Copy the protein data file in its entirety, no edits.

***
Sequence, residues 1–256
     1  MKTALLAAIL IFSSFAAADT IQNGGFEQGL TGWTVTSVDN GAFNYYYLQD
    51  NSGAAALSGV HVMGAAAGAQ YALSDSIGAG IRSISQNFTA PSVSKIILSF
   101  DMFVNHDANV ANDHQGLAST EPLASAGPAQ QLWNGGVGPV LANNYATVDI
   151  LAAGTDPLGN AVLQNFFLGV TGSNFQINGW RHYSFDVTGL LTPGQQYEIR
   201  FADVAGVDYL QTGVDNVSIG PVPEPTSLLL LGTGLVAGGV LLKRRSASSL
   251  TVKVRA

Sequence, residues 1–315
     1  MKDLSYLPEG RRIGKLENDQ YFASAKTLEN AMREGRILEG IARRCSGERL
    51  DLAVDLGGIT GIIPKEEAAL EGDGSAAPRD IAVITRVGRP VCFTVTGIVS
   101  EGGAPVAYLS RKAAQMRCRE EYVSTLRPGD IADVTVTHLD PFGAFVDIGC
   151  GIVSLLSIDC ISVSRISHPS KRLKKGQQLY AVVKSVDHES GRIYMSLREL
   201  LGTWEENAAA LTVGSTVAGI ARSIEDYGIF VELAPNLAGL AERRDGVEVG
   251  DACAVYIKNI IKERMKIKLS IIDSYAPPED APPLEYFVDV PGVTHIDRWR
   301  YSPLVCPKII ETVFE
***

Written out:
Sequence, residues 1–256
     1  MKTALLAAIL IFSSFAAADT IQNGGFEQGL TGWTVTSVDN GAFNYYYLQD
    51  NSGAAALSGV HVMGAAAGAQ YALSDSIGAG IRSISQNFTA PSVSKIILSF
   101  DMFVNHDANV ANDHQGLAST EPLASAGPAQ QLWNGGVGPV LANNYATVDI
   151  LAAGTDPLGN AVLQNFFLGV TGSNFQINGW RHYSFDVTGL LTPGQQYEIR
   201  FADVAGVDYL QTGVDNVSIG PVPEPTSLLL LGTGLVAGGV LLKRRSASSL
   251  TVKVRA

Sequence, residues 1–315
     1  MKDLSYLPEG RRIGKLENDQ YFASAKTLEN AMREGRILEG IARRCSGERL
    51  DLAVDLGGIT GIIPKEEAAL EGDGSAAPRD IAVITRVGRP VCFTVTGIVS
   101  EGGAPVAYLS RKAAQMRCRE EYVSTLRPGD IADVTVTHLD PFGAFVDIGC
   151  GIVSLLSIDC ISVSRISHPS KRLKKGQQLY AVVKSVDHES GRIYMSLREL
   201  LGTWEENAAA LTVGSTVAGI ARSIEDYGIF VELAPNLAGL AERRDGVEVG
   251  DACAVYIKNI IKERMKIKLS IIDSYAPPED APPLEYFVDV PGVTHIDRWR
   301  YSPLVCPKII ETVFE